Paideia con Salsa: Charles Keil, Groovology, and the Undergraduate Music Curriculum
- Publisher: College Music Society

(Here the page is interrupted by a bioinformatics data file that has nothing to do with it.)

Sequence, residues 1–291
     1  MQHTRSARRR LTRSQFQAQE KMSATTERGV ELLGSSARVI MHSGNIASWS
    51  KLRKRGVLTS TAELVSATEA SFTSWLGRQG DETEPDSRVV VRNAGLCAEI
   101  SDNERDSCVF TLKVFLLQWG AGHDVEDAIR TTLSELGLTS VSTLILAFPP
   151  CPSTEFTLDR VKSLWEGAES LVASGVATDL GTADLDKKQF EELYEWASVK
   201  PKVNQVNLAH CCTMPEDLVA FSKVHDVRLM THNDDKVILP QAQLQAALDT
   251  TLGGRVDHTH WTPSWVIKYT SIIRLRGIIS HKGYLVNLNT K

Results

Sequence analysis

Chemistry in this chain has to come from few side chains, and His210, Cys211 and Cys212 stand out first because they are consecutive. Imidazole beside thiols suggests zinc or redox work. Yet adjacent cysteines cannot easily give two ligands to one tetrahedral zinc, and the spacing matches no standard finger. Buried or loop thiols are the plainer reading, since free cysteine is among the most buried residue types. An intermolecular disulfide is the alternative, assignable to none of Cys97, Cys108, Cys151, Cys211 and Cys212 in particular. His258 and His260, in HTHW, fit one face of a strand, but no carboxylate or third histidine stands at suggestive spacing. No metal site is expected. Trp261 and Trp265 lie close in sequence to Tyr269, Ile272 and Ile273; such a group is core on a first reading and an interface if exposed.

Despite being a professor in American Studies at SUNY-Buffalo for most of his academic life, Charles (Charlie) Keil’s (b. 1939) career was dominated by an interest in music and music education. His scholarly contributions took many forms, such as ethnographic fieldwork that resulted in wide-ranging books (Urban Blues, Tiv Song: The Sociology of Art in a Classless Society, Polka Happiness, My Music, Bright Balkan Morning: Romani Lives and the Power of Music in Greek Macedonia, Music Grooves), many essays and papers on music and music education, and efforts in promoting music education in the Buffalo area through his organization, M.U.S.E. (Musicians United for Superior Education). As an amateur musician with advanced training in American Studies (studying with, among others, David Schneider, Clifford Geertz, and Alan Merriam), Keil brought a keen eye, ear, and mind, along with his rigorous academic training, to the study of how people engaged with music, how they learned music, and the value music holds in the lives of people and their communities. As an example, the first chapter of Tiv Song reminds us that Keil is one of those rare individuals able to summon enormous intellectual resources—from classical Greek philosophy to linguistics, anthropology, ecology, economics, and everything in between—to bear on the problem of music and culture.
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